Saturday, August 02, 2008

Hornets, frozen in death

You know what? You really don't want to see images of dead hornets still clinging to their nest as they were last week when they stepped out to deal with the assault on their home, only to fall prey to the potent insect neurotoxin that had permeated the entire structure. No, you'd probably much rather look at this picture from inside the "food tent" (really a permanent building) at the St. Mary's Parish Festival last night. (Still going on tonight! Hurry, hurry, hurry!)

Or perhaps you'd rather see images taken along the main concourse, as people from St. Mary's and all around the area line up to buy potato pancakes and pierogies and french fries with vinegar and beer and soda, and hand over their money in games of chance to win donated prizes?

Or maybe you'd rather look at the crepuscular rays of the setting sun as it went down last night over what was once the nursing home where my grandmother lived her final years?

Or perhaps you'd like to look at this billowing cloud, so full of water, forming over a mountain range to our south just an hour or so ago?

Well, whatever. You've had your chance. Turn back now if you don't want to see dead hornets.

Are they gone now?


I honestly felt bad about killing these insects, even if they are the dreaded Bald-Faced Hornets, which I still haven't established conclusively. These are predatory insects whose primary food is other insects - often very destructive insects. They play a valuable role in the ecosystem. In any case, who am I to decide who shall live and who shall die?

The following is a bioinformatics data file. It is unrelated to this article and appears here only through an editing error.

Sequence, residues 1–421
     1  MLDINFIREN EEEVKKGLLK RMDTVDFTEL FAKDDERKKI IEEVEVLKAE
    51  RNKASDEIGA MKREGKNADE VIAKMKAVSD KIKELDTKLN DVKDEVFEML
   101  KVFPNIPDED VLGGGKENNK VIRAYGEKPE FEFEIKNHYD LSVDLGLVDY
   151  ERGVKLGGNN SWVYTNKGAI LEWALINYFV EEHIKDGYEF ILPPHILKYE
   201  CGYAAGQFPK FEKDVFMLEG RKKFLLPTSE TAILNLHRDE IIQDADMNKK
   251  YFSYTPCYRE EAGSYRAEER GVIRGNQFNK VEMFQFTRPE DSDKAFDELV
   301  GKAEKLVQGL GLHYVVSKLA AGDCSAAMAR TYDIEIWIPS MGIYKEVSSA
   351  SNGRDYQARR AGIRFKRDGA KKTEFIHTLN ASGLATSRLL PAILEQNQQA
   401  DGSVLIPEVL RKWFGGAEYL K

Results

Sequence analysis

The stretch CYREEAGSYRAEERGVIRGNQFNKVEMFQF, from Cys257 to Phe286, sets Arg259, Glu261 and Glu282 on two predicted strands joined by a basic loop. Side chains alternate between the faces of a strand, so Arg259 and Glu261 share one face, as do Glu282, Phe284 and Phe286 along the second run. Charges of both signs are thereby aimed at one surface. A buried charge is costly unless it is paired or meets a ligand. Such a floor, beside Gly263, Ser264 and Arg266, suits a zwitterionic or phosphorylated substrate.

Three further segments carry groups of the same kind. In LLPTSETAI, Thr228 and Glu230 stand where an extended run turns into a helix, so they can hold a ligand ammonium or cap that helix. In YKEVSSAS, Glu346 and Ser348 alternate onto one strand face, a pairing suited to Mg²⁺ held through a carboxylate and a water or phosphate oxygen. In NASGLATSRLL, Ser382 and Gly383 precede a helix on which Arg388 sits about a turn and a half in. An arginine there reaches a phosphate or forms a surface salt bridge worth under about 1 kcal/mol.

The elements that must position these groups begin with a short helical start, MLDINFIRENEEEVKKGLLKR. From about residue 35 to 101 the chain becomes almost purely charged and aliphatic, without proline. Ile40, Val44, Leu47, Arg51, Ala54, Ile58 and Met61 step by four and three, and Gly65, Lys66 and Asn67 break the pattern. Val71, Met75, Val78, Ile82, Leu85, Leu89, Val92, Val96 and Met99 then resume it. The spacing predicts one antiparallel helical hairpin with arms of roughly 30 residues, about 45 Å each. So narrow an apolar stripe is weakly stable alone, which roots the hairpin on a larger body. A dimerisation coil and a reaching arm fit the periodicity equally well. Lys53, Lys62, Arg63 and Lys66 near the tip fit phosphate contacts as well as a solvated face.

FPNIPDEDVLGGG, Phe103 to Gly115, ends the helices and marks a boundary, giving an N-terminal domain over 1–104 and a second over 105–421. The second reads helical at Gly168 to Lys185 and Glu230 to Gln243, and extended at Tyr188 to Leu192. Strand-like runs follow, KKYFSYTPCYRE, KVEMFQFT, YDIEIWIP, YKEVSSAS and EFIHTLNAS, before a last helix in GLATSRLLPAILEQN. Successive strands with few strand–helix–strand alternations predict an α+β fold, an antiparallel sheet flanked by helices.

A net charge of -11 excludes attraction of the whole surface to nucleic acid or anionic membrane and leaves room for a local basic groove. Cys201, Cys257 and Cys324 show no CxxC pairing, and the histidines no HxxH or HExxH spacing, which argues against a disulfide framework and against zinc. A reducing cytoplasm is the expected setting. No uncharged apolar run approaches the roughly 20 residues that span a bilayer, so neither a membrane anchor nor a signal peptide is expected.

But they were on the side of my mom's house, right along a narrow strip of lawn I have to cut regularly, in striking distance of a well-travelled sidewalk, two neighbors' houses, and a line of blueberry bushes that I planted years ago where I regularly harvest blueberries with my nephews. They posed too much of a threat. I couldn't let them stay.

So I killed them.

And there they are. A week's worth of weather has possibly moved them around a bit, and their location in the shadows under the eaves makes it hard to get a good, sharp image. But you can see at least two of them locked in place - one at the very opening of the nest, and one ready to launch from the front.

Too bad. That's a beautiful nest, and they are really beautiful insects. But they posed a threat - to my mom, to my nephews, to my mom's neighbors, to people walking down the sidewalk, even to me. I couldn't abide that.

So they're dead now. I killed them. They don't pose a threat any more.

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